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Suburi



I've joined an online club.  Many of you, if you are reading, may have seen it or are even members yourselves.  It's called the Hundred Suburi Club 2018, on Facebook.  Check it out if you'd like!  This may be a shameless plug for it, but that's ok, it's my blog.  It's been fun joining in with other like-minded people around the world to share this experience.  I didn't necessarily join for the suburi itself; I've already been doing that consistently on my own time anyway.  For me it's more the community aspect of it, and being able to cheer on and motivate others, as they do the same for me, and share our stories back and forth.  Kendo really is a friendly group, and this gives me another way to meet and greet new people.  With that being said, though, it does make me think of my own suburi and practice and small tidbits of info that I've collected or realized throughout the years.  I want to present some of that, BUT please please please, if you are reading this, don't take this as gospel of any kind.  My suburi is not your suburi, and the way I do it may be vastly different than anyone else.  But it's what works for me right now, where I'm at with my kendo, and I'm sure that as time goes on it will evolve and change.  Also, this just covers what I think and focus on for men suburi.  I can modify this to suit my needs for different strikes or different types of suburi that I do.   That being said...

Since I began teaching the beginners class a couple years ago, I've tried to present the best kendo that I can.  Even though they may not know what to expect and what to look for in good basics, I do and I want to be sure and start them out the best I can.  This had led me to scrutinize every little thing that I've done and that I continue to do.  I'm by no means perfect in any of my execution, and I always find things to fix here and there, but I think I do a passable job with them.  Suburi is one of the big things that we focus on, with lots of repetition in various stages of breaking down and building up the waza we're working on.  A few points that I always try and drive into new people are to use wrist and shoulders, shoulders and wrists.  What I mean by this is to make sure that you aren't artificially focusing on or bending your elbows, as this can lead to wasted movement and improper swing.  Instead it should come from flexible wrists and the big shoulder muscles to move the sword up overhead (furikaburi) and down into the strike itself.  Natural bending of the elbow will occur, because we don't want to be stiff and tense, but it should all feel relaxed and not forced in any way.  I believe this is a good start to basics, and one that can be built on with more detailed movement later on.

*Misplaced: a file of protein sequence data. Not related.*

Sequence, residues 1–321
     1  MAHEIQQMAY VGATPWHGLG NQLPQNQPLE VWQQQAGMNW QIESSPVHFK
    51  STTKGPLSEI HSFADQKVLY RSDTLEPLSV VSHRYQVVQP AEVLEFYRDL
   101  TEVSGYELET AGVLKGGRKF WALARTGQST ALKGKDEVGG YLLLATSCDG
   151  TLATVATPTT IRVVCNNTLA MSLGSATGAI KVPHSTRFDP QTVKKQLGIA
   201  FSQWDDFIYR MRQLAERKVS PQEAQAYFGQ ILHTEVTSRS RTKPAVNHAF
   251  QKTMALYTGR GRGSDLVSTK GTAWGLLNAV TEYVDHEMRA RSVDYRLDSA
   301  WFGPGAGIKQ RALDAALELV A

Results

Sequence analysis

When I do a full swing I try and get my left hand all the way up over my forehead, instead of stopping prematurely out in front of my head and body, and I try and make sure the sword goes right up the centerline and doesn't sway to one side or the other.  This allows me to really utilize my shoulder muscles and open my chest, before bringing everything down and together for the strike.  I also try and feel for a "whipping" motion when I strike.  This is hard to explain, so the imagery of a whip unfurling and cracking at the end is the best for me.  I try and let my energy unfurl and build up from my body, through my shoulders, forearms, wrists and hands and out into the end of my shinai.  This feeling, along with directing that energy forward into the strike, instead of down into the floor, makes a good feeling for me.  I also try and stop my tip about eye height.  I've heard arguments for eye, nose and chin, but personally I stop about eyes.  This allows me to make a firm strike, but not one that's too hard and won't leave people seeing stars.  At least, I hope they aren't seeing stars after I strike them!

A couple of final things round out suburi for me.  Lately I've really been focusing on starting the strike with my body, instead of letting my hands go first and having my body follow.  This creates a much different feeling, and for me it's a bit more intense.  I can then perform it fast or slow, which also adds another layer to the suburi.  I also try and concentrate on striking as my back foot pulls into place, as most of the time when I do suburi it's not with fumikomi.  This allows me to really isolate and focus on either my swing mechanics, my body mechanics, my hands, my shoulders, my arms, or any other number of things and combinations.

Suburi is a powerful tool and I believe doing it regularly has tremendous benefits.  Personally I also try and make every strike good, so that I'm helping to build good habits.  If I'm doing 100 strikes and my tip is always  up in the air and not down at a good target height, am I really learning how to do a good men strike?  Likewise if my body and my sword or disconnected too much, am I practicing good ki-ken-tai-ichi?  It might take a little more effort, or a little more time, but I believe the benefits are well worth it.  And after a while, after becoming better and more efficient at it, that time and effort starts to decrease and decrease, while still building good habits.  But, maybe if it starts becoming a bit too easy that's my queue to change it up a bit and challenge myself more.

My current suburi set includes:
jogeburi
shomen uchi
sayumen uchi
shomen uchi w/ hiraki ashi
katate men uchi- left hand
katate men uchi - right hand
matawari suburi - squatting suburi, you strike as you squat, furikaburi as you stand
hayasuburi

Again, I'm no expert on this, and my way may not be your way.  My way definitely isn't the most efficient, I'm sure, but it works for me and I enjoy it. But I'm always open to advice or constructive criticism.  That's how we grow, right?



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